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Businesses here must think internationally in risk approach

Many S'pore executives don't have continuity plans for external catastrophic events

In the 2017 Executive Opinion Survey by the World Economic Forum, Marsh & McLennan Companies and Zurich Insurance Group, business leaders in Singapore voted terrorism and cyber attacks as the biggest global risks.

Out of 136 countries surveyed, Germany and the United States were the only other countries to rank these in the top two.

In contrast, similar to last year, the top five risks identified overall by more than 12,400 executives surveyed globally were high unemployment, energy price shocks, fiscal crises, national governance failure and social instability.

The results send a clear message that Singapore businesses are more concerned about international risks than home-grown pressures and reaffirm Singapore's position as an oasis of stability in the region, and highlights vulnerabilities.

From the survey, Singapore had the most in common with other advanced economies and markets where global financial centres, corporate headquarters and technological hubs exist.

Many of the world's most digitally and financially interconnected economies such as the US, Singapore, Switzerland and Germany see large-scale cyber attacks and terrorism in their top five risks.

Cyber or terrorist attacks in these countries can have serious economic impact locally and globally.

Terrorism is a hot-button issue for the US and other Western nations, but in recent years, Singapore has - according to the Ministry of Home Affairs - also been "under the highest threat level it has ever been", with potential attacks anticipated and uncovered after the country was specifically targeted by terrorist groups.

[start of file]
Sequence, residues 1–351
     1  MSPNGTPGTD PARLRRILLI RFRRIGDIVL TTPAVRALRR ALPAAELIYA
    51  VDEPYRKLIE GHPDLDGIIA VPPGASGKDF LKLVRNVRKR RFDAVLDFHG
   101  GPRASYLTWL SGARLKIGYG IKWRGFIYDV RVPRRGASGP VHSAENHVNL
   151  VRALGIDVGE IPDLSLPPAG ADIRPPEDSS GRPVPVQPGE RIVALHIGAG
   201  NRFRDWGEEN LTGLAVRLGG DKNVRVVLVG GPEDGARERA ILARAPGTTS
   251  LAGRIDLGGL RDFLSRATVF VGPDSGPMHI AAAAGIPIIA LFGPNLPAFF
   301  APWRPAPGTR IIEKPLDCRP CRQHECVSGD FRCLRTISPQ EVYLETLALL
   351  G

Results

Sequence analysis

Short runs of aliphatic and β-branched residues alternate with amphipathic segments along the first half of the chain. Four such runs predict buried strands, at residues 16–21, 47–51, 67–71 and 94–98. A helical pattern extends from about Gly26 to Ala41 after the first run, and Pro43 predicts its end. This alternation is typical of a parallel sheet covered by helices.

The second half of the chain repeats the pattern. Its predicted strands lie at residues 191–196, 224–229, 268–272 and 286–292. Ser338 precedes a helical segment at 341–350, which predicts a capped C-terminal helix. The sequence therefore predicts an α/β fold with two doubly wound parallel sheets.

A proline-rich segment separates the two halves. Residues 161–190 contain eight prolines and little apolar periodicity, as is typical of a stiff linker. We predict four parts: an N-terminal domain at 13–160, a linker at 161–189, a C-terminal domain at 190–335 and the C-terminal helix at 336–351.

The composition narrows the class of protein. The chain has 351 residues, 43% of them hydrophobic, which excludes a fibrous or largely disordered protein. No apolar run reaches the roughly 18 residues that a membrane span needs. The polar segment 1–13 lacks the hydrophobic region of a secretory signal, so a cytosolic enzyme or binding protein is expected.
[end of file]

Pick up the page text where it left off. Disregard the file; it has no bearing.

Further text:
This is compounded by the state of affairs in other Asean countries.

Singapore's neighbours have experienced a growing threat of attacks with instability in the Philippines, Myanmar, Bangladesh and even Malaysia.

From the siege of Marawi to the escalation of racial tensions and insurgency in Myanmar's Rakhine State, terrorist groups have a clear foothold in the region.

In the past year, awareness of the risk of cybercrime has also proliferated from high-profile and disruptive instances such as the Swift bank hacking, corporate data theft and ransomware attacks.

The Government has recognised this threat and introduced multiple initiatives such as the launch of the Cyber Security Agency of Singapore (CSA) in 2015, and conducts programmes such as Exercise Raffles, a large-scale, industry-wide financial centre exercise that simulates terrorist and cyber attacks.

It was therefore reassuring earlier this year when the CSA reported that no government agencies or critical information infrastructure were affected by the WannaCry virus that hit more than 100 countries.

LEARNING FROM EXPERIENCE

Another clear theme from the survey is that the Singapore findings are deeply shaped by experience.

While unemployment was rated the number one perceived risk globally in the past two years, it received a low ranking in Singapore where unemployment has historically been low.

Figures from the Ministry of Manpower show that in the past decade, Singapore has kept unemployment at or around 2 per cent.

This contrasts with figures such as 26.6 per cent in South Africa or 17.6 per cent in Spain, and is lower than international standards for developed countries, which average 5 per cent to 10 per cent.

Singapore was also the only country surveyed to rank the risk of infectious disease in its top five.

This may be due to the Republic's experience with severe acute respiratory syndrome in 2003 and more recently, outbreaks of the Zika virus and bird flu.

Amid an increasingly risky global business environment, it is crucial that Singapore's executives think internationally in their risk approach.

While most have plans for managing local risks, fewer will have business continuity plans for external, catastrophic events such as a cyber or terrorist attack.

Even though the probability of these events is undoubtedly lower than everyday risks such as damage to property or staff issues, the effects can be far more severe.

Looking ahead, as globalisation trends continue to build more connected infrastructure and economies, we expect the threat of global risks to markets such as Singapore to only amplify further.

Businesses must be prepared to manage these disruptions because it is most likely not a question of if they will happen but when.

The writer is chief executive officer of Zurich Insurance Singapore. This article was published in The Business Times on Oct 27.

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